Dinner at Subway after being at the house all day (the workers). I need to get back to the house b/c S is coming by around 7 to pick up some things that Mom needs.
We went to S’s recital yesterday afternoon. As usual, I felt like not going at the last minute, but I’m glad I went. Dinner with S and Mom after at the steak house (beautiful waiter–Anthony–black beard–I couldn’t stop watching him).
Discordia | The kind of dream that felt so real
Went to bed early, around 6:30, and set my alarm for three hours. Then went to sleep again, holding R’s medicine bear. And dreamed of him, the kind of dream that felt so real I knew it was him, at first just his hand touching my hair, then stroking my head. I was sitting in a truck in Houston, watching the front of our old house on Fairbanks being renovated. Then he was snuggling up beside me, touching me, and I knew that Houston was the dream, and we talked, so glad to have the chance to be together and not angry or sad, just touching and talking. He had been so sad, he said, and I understood. And I don’t remember what else he said but I woke with a feeling of great peace. I am so grateful for this.
Off today. Rain woke me during the night. Vivid dreams I can’t remember–R has been there a lot, and I wish I could better recall at least a few details, but nothing again today except knowing he was present and that there is something I need to do.
Thinking about Philip F Clark’s FB post of five hours ago: Loss is simply a matter of packing well. At first I thought, oh, this bears pondering. Then I thought, what nonsense, we can’t carry what we’ve lost. Then, of course, the realization that we do precisely this. And I thought of nesting dolls: each person carrying another person inside, or a collection of these persons, these dolls. Like eggs. I found another mantis case on Saturday while cutting a few branches from the huge overgrown yew (Mom wanted greenery in the house). It’s the second mantis case I’ve notice this winter; the first is on the small forsythia next to the (remains of the) rock garden. I don’t know why I am so drawn to these, why it’s so hard to believe anything could survive the winter in such a flimsy craft. But mantids do. Seeds do. Memories, some packed tightly, some turning up suddenly and unexpectedly like stray threads, seeds stuck to one’s coat after crossing a difficult, unkept field. But when the carrier, the bearer herself, goes? Seeds can wait for centuries. I can’t help thinking of viruses as a model: to survive within another, the memory must be passed on to another. When the oak dies, so dies the mistletoe.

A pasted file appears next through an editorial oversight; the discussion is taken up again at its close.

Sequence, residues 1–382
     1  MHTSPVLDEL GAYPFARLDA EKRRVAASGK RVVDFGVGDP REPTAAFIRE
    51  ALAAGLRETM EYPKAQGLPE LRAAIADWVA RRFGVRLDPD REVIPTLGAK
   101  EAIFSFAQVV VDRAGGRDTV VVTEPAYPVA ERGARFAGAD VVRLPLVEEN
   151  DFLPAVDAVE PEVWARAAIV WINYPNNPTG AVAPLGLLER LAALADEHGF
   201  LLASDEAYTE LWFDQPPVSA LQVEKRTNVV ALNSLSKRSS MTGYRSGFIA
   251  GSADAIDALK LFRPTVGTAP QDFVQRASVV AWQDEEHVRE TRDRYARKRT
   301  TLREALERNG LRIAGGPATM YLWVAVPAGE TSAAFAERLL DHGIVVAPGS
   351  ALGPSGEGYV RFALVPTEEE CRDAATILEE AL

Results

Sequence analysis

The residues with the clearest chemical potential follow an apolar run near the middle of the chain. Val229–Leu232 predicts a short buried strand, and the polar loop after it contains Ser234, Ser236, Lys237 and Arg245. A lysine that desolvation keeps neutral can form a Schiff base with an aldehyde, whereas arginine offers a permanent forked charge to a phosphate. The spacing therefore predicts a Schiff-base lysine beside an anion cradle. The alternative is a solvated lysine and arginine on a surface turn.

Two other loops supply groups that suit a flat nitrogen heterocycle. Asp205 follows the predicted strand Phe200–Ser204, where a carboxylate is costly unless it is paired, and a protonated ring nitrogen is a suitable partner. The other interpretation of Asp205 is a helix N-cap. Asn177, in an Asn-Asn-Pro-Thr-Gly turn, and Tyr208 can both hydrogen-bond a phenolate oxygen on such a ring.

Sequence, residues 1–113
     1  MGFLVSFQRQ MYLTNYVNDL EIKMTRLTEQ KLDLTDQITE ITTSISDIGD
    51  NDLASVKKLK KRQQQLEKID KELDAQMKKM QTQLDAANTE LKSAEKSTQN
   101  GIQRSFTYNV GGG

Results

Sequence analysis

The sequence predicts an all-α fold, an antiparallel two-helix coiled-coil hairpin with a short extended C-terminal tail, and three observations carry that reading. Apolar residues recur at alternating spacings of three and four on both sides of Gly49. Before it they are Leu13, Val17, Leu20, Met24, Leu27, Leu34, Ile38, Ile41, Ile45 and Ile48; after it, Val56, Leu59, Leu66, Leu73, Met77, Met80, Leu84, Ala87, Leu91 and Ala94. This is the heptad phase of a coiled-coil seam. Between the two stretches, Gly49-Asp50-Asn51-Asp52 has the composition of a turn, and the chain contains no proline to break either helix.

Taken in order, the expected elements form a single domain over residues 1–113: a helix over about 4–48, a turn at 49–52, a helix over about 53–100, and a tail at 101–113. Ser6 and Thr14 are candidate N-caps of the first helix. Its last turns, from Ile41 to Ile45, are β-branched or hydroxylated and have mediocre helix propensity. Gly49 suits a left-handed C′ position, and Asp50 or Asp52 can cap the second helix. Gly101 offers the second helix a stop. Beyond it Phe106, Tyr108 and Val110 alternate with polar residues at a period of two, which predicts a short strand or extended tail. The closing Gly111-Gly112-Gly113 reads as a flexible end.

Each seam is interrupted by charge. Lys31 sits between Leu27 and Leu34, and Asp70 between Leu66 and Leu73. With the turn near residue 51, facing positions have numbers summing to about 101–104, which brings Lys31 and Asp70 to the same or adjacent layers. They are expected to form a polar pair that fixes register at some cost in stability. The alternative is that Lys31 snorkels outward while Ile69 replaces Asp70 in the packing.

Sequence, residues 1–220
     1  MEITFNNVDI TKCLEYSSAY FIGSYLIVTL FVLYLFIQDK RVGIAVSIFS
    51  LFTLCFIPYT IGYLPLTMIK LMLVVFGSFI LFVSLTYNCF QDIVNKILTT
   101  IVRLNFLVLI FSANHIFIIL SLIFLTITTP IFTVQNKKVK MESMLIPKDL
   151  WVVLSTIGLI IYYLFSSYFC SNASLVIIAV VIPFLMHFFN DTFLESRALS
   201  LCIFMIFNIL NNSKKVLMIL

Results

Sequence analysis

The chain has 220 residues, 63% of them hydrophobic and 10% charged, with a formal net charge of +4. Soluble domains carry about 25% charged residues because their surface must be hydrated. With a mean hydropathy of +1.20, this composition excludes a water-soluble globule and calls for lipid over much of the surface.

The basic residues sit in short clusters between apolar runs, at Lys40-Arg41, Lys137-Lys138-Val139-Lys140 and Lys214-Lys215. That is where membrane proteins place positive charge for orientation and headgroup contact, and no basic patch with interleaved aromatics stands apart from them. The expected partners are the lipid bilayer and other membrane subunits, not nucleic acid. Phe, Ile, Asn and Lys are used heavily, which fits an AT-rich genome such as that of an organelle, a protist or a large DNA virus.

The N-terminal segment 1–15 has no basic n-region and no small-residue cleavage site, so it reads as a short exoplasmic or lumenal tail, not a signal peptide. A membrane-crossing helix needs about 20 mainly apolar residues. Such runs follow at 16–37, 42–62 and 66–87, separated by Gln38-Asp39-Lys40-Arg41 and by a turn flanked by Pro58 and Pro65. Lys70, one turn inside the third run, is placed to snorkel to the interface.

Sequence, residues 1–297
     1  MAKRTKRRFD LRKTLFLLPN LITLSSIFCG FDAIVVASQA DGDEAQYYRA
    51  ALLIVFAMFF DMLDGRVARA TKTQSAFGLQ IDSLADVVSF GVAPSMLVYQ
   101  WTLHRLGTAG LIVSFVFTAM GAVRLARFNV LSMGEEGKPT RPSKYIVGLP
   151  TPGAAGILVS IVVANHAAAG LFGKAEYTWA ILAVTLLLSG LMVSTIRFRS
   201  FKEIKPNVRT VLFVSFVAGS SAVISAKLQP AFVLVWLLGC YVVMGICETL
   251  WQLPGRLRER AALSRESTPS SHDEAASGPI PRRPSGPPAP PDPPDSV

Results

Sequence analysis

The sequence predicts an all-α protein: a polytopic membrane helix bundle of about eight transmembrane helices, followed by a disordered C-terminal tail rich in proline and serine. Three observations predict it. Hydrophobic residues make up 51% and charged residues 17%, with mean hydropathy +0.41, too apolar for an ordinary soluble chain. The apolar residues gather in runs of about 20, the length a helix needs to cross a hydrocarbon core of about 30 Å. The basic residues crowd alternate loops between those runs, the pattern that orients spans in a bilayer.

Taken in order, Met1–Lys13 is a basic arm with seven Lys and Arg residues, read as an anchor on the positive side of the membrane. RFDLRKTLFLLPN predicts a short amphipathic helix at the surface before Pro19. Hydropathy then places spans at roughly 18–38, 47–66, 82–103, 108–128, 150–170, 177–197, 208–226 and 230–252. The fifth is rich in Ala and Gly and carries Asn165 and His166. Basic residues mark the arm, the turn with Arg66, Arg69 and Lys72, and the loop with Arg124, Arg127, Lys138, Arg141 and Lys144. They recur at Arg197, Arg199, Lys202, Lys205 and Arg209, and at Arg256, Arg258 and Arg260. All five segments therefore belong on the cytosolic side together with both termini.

Thinking about the ways we encapsulate memory within. It’s like we’re packaging the loss, the memory (is this what Philip means by “packing well”?)—then we pass along the bits—thinking now of baking—eat & remember. Kaleidoscopic, this tumble of metaphor, each apt in its way, structured like a sonnet crown? Loss as gift. Loss as travel. Loss as parasite (or epiphyte), seed, infection. A wrapped bundle. Loss as weather.
When I planted the ginkgo tree at Mom’s, one of the five I’d grown from seed, I imagined the tree as a carrier of place (Lewisburg): so transplantation became translocation, transference. In my little “yearbook” from fifth grade, lost long ago, my teacher, Arnold D Roberts, wrote In this corner I claim a spot/ to ask you to forget me not. I haven’t. But to whom shall I pass this moment? With all evidence gone, I am its living host.